Arts and Entertainment

Madeleine St John, who died in 2006, was best known for her debut novel, The Women in Black (1993), and the Booker shortlisted The Essence of the Thing (1997).

Time to stop hating Barbie

TOMORROW IS Barbie's 40th birthday. You probably don't want to know that and, frankly, I wasn't all that thrilled when the Barbie News Desk at Mattel Toys rang me last autumn to prepare me for the big day. Since then there have been at least 10 calls and even an invitation to New York to attend the Barbie Women of Achievement Birthday Ball. Sadly, I had to miss that event, which I'm sure was very pink. But none of this explains why I am writing about Barbie today. I am doing this because when I mentioned the Barbie birthday hard-sell to people, their reactions were so fierce that you would think I was talking about something serious.

Letter: No male feminists

No male feminists

Books: Be brave, be different, be a woman

The Whole Woman by Germaine Greer Doubleday pounds 16.99

A tribute to the resilience of popular taste

The best news usually comes in the smallest typefaces. So one had to peer at the papers hard last week to learn that the Italian director Roberto Benigni's sharp comedy about the Holocaust, Life is Beautiful, was the most profitable film in America last year (the most profitable, note - not the highest earning, a crude yardstick that measures little more than marketing musclepower). Life is Beautiful was nowhere near king of the world in the gross sense - Titanic took a bloated $1.83bn. But according to the figures in Variety magazine Benigni's sweet slice of life-and-death raked in $140m at the box office, representing a handsome 15-fold return on its original pounds 9m budget.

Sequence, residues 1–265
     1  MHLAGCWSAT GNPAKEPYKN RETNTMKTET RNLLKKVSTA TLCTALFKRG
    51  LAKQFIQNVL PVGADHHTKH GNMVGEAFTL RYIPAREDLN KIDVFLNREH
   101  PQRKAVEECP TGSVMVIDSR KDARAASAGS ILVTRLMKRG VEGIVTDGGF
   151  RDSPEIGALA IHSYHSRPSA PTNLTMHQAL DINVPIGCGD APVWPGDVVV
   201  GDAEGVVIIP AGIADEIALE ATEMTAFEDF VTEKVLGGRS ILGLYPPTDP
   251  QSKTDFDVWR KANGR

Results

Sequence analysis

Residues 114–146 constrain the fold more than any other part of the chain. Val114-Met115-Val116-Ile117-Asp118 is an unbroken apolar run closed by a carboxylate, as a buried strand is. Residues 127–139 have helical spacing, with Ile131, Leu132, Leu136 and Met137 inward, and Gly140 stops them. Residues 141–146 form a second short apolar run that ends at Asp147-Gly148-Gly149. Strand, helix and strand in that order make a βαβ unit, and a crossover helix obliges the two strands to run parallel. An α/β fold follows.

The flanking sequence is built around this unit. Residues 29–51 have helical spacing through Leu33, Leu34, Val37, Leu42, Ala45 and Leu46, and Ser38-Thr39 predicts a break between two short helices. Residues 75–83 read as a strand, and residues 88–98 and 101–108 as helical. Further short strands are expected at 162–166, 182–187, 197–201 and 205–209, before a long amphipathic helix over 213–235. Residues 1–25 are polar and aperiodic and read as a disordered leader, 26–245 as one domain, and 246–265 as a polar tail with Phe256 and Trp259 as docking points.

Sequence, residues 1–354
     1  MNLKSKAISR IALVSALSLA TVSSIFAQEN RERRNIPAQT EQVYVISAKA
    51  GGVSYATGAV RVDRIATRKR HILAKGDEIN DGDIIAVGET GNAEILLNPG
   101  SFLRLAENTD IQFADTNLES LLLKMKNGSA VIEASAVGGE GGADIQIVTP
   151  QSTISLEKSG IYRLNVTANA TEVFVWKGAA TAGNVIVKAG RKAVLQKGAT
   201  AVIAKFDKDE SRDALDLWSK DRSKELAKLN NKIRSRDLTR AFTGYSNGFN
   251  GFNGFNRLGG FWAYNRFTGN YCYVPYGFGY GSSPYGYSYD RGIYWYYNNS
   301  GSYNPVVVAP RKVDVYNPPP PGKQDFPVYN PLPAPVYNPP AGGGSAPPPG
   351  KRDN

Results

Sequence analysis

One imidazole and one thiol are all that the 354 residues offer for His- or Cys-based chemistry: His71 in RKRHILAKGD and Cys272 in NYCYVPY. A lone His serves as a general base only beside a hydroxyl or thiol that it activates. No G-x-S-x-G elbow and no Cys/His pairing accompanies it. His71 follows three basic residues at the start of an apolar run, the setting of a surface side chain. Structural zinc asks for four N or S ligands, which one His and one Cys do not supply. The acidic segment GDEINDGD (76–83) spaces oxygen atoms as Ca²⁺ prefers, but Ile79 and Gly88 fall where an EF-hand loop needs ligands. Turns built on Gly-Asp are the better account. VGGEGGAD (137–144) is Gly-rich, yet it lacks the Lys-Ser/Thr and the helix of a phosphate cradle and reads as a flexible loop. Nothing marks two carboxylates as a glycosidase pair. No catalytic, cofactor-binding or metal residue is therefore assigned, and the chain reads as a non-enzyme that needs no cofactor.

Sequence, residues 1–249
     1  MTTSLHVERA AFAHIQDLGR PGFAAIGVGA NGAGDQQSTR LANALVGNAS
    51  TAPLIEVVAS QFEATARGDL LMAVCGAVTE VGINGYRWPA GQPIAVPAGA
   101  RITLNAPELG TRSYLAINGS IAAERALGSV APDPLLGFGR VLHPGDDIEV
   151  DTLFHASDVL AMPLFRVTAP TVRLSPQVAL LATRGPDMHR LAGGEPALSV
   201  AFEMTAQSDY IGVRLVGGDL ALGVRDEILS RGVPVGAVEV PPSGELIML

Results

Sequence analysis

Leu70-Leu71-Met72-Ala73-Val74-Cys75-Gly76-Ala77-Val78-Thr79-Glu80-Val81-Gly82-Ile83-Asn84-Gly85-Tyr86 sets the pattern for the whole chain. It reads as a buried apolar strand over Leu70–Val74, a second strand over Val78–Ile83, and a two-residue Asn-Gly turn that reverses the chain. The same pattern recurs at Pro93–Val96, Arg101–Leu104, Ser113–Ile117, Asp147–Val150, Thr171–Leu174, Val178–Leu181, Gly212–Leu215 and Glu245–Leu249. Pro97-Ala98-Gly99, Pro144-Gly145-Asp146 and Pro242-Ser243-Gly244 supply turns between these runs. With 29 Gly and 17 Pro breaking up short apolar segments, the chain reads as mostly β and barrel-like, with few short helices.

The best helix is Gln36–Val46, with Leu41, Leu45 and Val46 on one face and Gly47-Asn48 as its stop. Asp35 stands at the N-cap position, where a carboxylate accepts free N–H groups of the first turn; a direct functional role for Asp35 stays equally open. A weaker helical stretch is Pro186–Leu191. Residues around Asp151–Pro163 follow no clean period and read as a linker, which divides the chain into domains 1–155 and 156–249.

Books: Courage to go with the flow of a novel kind: The Whole Woman by Germaine Greer Doubleday, pounds 16.99, 352pp

Melissa Benn finds that the eternal feminist has cut loose from despair and set sail for Utopia

Letter: Feminist shunned

Feminist shunned

You Ask The Questions: So, Germaine, since animals now have rights, how about men?

Germaine Greer's new book, The Whole Woman, which claims women have settled for a fake equality instead of true liberation, is published next week by Doubleday. Nearly 30 years after she wrote The Female Eunuch, she has been driven to write another feminist polemic by the complacency of a younger generation of women. We asked readers to submit their questions for Dr Greer.

Oh dear, Germaine

Natasha Walter, who has angered Dr Greer, responds to the veteran feminist's sad new book

Nerds love literature too, it seems

Anyone with the right equipment will tomorrow be able to read, on the BBC's website, the result of its month-long poll to identify the "greatest writer" of the millennium. For those with the wrong equipment - well, here is the news.

A woman behaving badly

When she was a lecturer, her dress style made Denise Van Outen look like a Puritan maid

Germaine smacks her sisters

THE MOTHER OF FEMINISM IS BACK AND THIS TIME IT'S PERSONAL

A Week in Books: Stop the capital depreciation

London's fictional fabric has fallen into disrepair

The sexiness of ideas

Suddenly people are queuing to see scientists, philosophers, writers. What's afoot?

Leading Article: Feminism is still a cause to fight for

GERMAINE GREER has got her bus pass. She turned 60 yesterday, which gives pause for thought to those for whom it was heaven to be young in the dawn of the sexual revolution. Time for yet another appraisal of what feminism has achieved, and whether there is still a battle to be fought? Hardly. It should be universally accepted that the women's movement has achieved a great deal: that young women today owe many of their freedoms and opportunities to the courage and spirit of Professor Greer and her contemporaries.

Historical Notes: From personal tragedy to new ways of living and old

MOTHERHOOD IS a theme that has, unsurprisingly, been tackled by some of the great feminists of the post- Enlightenment era. Several of these writers, such as Simone de Beauvoir and Germaine Greer, have written about the topic without being mothers themselves. This has lent their arguments an appealing sweep and didacticism but it has also placed more emphasis on rationality and free will than many mothers feel themselves to possess in real life.
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